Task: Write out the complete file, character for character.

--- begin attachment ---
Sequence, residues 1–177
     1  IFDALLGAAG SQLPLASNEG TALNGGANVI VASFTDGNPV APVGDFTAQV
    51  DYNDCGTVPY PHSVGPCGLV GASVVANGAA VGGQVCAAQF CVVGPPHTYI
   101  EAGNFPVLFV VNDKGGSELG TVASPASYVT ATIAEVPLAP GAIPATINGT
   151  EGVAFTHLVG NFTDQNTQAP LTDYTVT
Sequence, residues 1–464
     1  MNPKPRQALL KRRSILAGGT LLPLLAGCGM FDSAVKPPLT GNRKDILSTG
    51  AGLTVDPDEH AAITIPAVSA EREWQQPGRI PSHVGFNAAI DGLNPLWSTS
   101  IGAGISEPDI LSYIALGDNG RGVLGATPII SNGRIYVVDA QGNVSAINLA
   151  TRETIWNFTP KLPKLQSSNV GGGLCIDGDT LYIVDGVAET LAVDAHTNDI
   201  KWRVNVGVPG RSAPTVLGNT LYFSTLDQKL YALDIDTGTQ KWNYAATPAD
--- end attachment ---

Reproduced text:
Sequence, residues 1–177
     1  IFDALLGAAG SQLPLASNEG TALNGGANVI VASFTDGNPV APVGDFTAQV
    51  DYNDCGTVPY PHSVGPCGLV GASVVANGAA VGGQVCAAQF CVVGPPHTYI
   101  EAGNFPVLFV VNDKGGSELG TVASPASYVT ATIAEVPLAP GAIPATINGT
   151  EGVAFTHLVG NFTDQNTQAP LTDYTVT
Sequence, residues 1–464
     1  MNPKPRQALL KRRSILAGGT LLPLLAGCGM FDSAVKPPLT GNRKDILSTG
    51  AGLTVDPDEH AAITIPAVSA EREWQQPGRI PSHVGFNAAI DGLNPLWSTS
   101  IGAGISEPDI LSYIALGDNG RGVLGATPII SNGRIYVVDA QGNVSAINLA
   151  TRETIWNFTP KLPKLQSSNV GGGLCIDGDT LYIVDGVAET LAVDAHTNDI
   201  KWRVNVGVPG RSAPTVLGNT LYFSTLDQKL YALDIDTGTQ KWNYAATPAD